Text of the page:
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Thinking of refinishing this door.


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Our house was originally built in the early 60's with a down to the studs remodel in 2007 prior to our buying the place. While dinking around outside, I came across this door. I am sure it was the main door at one point. Heavy , solid core wood door. I am debating stripping it down and refinishing it for use as our basement door. I am not one for wood work and this would be my first project.

Looking for how to's and what to do's.

Thanks.

Rob

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The FIRST thing I'd do is make sure it isn't warped. If it is, it's not of much use. Unless, of course, you have a matching warped basement door jamb. Looks like it has dried leaves on it...where was it stored/found?

PS: Stripping down and refinishing a door with a bazillion recessed panels is an absolute PITA. Since it has no true historical or architectural value I'd suggest cleaning it and repainting it if you decide to use it.

Lastly, it looks more 70's or early 80's to me based on what I see here. Your area may vary.

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The interior side looks like it has some flaking lacquer finish over stained wood. That would be expected if the door had been stored outside where humidity levels changed. If you can remove or sand that effectively, you could paint it.

But depending on how you value your time it might be beneficial to buy a new steel or fiberglass-skinned door. As a plus, either of those would be insulated.

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If wife is imagining it stripped and refinished as natural wood, uh uh.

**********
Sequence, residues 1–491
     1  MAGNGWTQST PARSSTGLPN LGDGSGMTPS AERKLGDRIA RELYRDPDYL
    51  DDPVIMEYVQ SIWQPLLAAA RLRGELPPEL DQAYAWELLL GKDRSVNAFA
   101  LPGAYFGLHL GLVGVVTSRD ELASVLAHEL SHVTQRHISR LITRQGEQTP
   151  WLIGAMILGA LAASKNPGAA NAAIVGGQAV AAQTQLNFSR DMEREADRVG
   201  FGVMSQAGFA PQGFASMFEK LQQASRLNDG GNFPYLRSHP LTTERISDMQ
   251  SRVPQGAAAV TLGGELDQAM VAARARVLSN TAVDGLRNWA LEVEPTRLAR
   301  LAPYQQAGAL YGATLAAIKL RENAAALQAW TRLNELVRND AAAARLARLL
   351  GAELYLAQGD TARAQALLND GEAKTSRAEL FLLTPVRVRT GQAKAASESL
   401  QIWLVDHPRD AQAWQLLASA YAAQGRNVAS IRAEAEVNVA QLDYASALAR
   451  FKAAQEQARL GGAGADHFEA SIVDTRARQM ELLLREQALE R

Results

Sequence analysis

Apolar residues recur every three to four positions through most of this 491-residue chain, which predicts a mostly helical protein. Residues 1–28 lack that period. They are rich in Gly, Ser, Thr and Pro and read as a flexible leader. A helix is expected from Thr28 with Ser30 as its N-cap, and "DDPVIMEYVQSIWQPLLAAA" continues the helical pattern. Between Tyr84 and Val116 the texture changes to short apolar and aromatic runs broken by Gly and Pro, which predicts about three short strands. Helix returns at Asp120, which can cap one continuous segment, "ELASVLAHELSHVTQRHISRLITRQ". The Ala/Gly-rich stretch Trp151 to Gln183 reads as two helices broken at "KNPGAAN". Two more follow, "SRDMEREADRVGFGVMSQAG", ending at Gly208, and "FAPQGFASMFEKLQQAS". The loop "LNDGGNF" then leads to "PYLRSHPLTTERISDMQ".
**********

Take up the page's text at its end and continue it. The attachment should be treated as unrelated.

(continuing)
Paint. Clean it up and paint it if you do anything. Get some epoxy to fill and cover up all the stuff you find when you're cleaning it up.

I could find better things to do than resurrecting an old door that never had all that much going for it in the first place.

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I'd just clean it up, touch it up with a sander and paint it.

If you want to do a clear finish over wood, send it out to be dipped. It'll still need a ton of hand work afterwards.

I can appreciate the appeal of keeping the door in use in the house, but I've gotta say, that's one ugly door.

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Mid-Century Modern is a new class of historic houses (some are listed on the National Register) that is starting to take off. Google Retro Renovation and you may find a picture of that door. I think they list 59 Mid-Century House Museums on their site.

If you don't want to clean it up, try listing on Ebay or take it to a old house salvage yard and see what you can get for it. Somebody that wants to bring back poodle skirts and bobby socks will want it.

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It will need a frame to match, with hinges and latch routered to match, so it becomes a winter project.

It looks like the veneer is damaged a bit on the inside edge. If it is veneer, you can't sand it very much, and there is grain going two directions. I'd use a chemical stripper and a bunch of different scrapers. No, I wouldn't, but to save the door, that would be the way. [:)]

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When you finish it you'll need to ensure those panels are all kept free floating. If you end up gluing those panels to the stiles and rails with paint or varnish those panels are sure to split when that door expands. See it all the time with wood raised-panel doors that someone decided to paint and didn't want to leave those pesky joints free-floating.

ONE TEAM - ONE FIGHT!!!

Mike

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